It has been quite interesting getting people to look at things from a mental health point of view - i engage with spaces psychologically mostly - and then physically.  I have already written on the nature of engagement with a space at http://engageeveryone.tumblr.com/

I return to DCA for another 2 weeks at the beginning of October. Meanwhile I am currently installing my solo show at The Art House, Wakefield which opens tomorrow - 28/9 and is part of the Wakefield art walk.

Posted by , 27 September 2011

Aidan Moesby has just installed ‘Do you think we can talk about this?’ at the Centre for Life

We live in difficult times. The National Portfolio funding came out – a few of the organisations we are all familiar with suffered. Arcadea – my local disability arts organisation didn’t get any funding at all. Geof Armstrong is at the helm and steering through the storm admirably.

How can the Arts Council claim to be promoting disability and disabled artists in the region (let alone nationally). How can it just ignore a whole cohort of artists, audience, producers etc in the North East? This decision leaves Manchester or Liverpool or Wakefield as my ‘locally’ funded organisations. But enough of that.

I was fortunate enough to meet Elinor Urwin from the Art House in Wakefield to go through some of my rejected applications. This was a brilliant – if not a bit difficult – use of an afternoon. There was so much material – so many rejections – to choose from. To have some simple pointers and some incisive analysis on my approach was invaluable. It is difficult to get feedback from applications, though I always try. Yet it is so contradictory. 'Too conceptual'; 'not conceptual enough'; 'too prescriptive'; 'not prescriptive enough'; 'too flaky'; 'too detailed'. How do you make sense of it? Well, having the objective eyes of Elinor reflect on this brought some clarity. So thank you Elinor – and congratulations to the Art House on their continued funding.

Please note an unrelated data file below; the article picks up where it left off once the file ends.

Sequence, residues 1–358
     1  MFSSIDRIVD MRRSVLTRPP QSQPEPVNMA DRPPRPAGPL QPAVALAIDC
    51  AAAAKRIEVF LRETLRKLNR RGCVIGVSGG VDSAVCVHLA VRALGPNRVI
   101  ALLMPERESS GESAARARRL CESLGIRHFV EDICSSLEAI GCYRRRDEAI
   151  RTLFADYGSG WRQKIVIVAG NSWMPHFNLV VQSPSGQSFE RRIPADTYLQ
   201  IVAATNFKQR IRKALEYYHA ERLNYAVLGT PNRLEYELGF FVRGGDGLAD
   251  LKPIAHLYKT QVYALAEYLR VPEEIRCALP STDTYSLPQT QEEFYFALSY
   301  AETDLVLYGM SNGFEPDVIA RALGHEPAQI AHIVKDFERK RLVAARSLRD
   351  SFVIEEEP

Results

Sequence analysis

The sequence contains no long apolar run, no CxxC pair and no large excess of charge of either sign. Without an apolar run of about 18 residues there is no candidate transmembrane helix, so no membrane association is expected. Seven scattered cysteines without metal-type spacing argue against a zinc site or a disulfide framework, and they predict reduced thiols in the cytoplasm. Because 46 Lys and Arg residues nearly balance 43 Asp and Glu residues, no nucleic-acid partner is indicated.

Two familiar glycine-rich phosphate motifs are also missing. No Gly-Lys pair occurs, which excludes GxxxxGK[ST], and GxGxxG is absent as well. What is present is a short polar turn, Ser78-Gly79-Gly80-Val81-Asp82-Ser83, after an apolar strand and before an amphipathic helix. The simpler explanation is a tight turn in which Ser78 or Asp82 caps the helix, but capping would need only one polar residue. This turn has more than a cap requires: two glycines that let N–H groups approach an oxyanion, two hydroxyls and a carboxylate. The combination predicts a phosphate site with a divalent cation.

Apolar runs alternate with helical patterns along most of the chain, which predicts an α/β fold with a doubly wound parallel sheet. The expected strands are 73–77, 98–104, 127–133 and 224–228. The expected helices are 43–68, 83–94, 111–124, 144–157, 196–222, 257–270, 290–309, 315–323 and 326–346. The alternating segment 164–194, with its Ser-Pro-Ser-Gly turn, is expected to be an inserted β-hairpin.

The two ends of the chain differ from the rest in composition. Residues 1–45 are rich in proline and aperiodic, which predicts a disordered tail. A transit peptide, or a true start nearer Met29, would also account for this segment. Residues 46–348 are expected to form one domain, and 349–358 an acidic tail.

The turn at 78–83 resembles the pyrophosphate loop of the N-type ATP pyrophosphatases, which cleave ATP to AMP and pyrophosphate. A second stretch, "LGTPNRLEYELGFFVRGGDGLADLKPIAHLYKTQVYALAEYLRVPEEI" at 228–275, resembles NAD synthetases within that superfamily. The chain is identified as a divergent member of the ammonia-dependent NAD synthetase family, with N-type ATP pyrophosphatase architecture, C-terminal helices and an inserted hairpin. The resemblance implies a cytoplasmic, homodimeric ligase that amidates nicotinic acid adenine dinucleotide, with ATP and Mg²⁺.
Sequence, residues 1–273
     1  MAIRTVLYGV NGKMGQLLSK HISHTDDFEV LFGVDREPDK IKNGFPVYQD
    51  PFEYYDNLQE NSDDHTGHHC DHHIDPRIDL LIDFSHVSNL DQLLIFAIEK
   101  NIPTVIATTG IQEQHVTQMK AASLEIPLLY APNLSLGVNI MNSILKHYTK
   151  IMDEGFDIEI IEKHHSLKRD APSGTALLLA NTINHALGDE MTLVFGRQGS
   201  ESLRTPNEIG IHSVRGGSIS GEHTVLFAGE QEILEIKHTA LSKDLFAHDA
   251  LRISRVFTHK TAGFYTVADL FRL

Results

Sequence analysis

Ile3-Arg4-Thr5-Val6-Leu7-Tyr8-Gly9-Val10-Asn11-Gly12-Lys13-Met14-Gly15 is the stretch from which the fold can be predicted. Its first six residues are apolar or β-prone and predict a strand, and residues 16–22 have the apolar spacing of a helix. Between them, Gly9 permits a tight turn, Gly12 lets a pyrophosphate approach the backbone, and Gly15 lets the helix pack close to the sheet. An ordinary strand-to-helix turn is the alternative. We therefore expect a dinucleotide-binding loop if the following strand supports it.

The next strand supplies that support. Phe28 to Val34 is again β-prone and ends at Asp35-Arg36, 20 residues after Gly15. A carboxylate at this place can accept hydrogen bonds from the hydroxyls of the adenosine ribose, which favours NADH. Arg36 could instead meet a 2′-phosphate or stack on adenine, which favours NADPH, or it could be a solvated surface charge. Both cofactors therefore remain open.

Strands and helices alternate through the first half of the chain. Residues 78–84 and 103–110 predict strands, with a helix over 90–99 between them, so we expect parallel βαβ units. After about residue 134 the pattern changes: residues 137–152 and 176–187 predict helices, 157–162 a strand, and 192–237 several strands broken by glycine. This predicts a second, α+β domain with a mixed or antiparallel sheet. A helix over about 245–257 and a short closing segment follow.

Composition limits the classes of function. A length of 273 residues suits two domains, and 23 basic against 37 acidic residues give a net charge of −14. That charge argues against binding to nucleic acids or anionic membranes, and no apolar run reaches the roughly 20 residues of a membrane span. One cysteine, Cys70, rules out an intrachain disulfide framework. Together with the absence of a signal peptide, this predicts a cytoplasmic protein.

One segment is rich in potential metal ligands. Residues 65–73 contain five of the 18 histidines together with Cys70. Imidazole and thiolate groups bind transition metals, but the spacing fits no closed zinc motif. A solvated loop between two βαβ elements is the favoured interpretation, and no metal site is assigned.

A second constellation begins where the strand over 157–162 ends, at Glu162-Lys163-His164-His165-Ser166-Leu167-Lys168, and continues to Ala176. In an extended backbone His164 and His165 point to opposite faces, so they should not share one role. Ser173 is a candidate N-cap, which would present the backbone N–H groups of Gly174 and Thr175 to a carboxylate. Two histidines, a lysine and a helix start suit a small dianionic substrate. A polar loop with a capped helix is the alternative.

Why is it that artists (I have not always been an artist) have to say they are busy, or working on this or that. Why can’t they  just say "it’s really REALLY hard out there and I’m struggling." I know why. You have to boost your own stock. No one wants an artist who isn’t busy etc etc. So I am blessed with all this time and cursed by the low moods of under employment. The irony is that I have a few exhibitions on and coming up – which is fab – but jam for tomorrow doesn’t put food on the table today.

I have just installed ‘Do you think we can talk about this?’ - a solo exhibition at the Centre For Life in Newcastle, which opens next weekend – the 16 April. It is a collection of pieces which reflect on my personal experience of diagnosis 'Bipolar Disorder.' and weaving in elements of the personal and cultural agenda surrounding mental health. 

It runs for a couple of months. Can we talk about mental health? At once we are fascinated by those perceived as kooky, off beat, crazy and then we tire of them and vilify them and perpetuate the stereotypical images and viewpoints of those living with an enduring mental health condition. I hope we can talk about it. I hope we can get a right good open honest discussion going.

Posted by , 11 April 2011

Last modified by Colin Hambrook, 12 April 2011

Aidan Moesby asks how do they get away with this 'quality journalism'?

Apples and Snakes posted a Facebook link to an article by Alex Hudson on BBC News entitled 'The Creative Process and Mental Illness'. The basic tenet is that mad equals creative.

I really don't like these catch all assumptions and wrote the following brief retort. Is this really balanced and considered?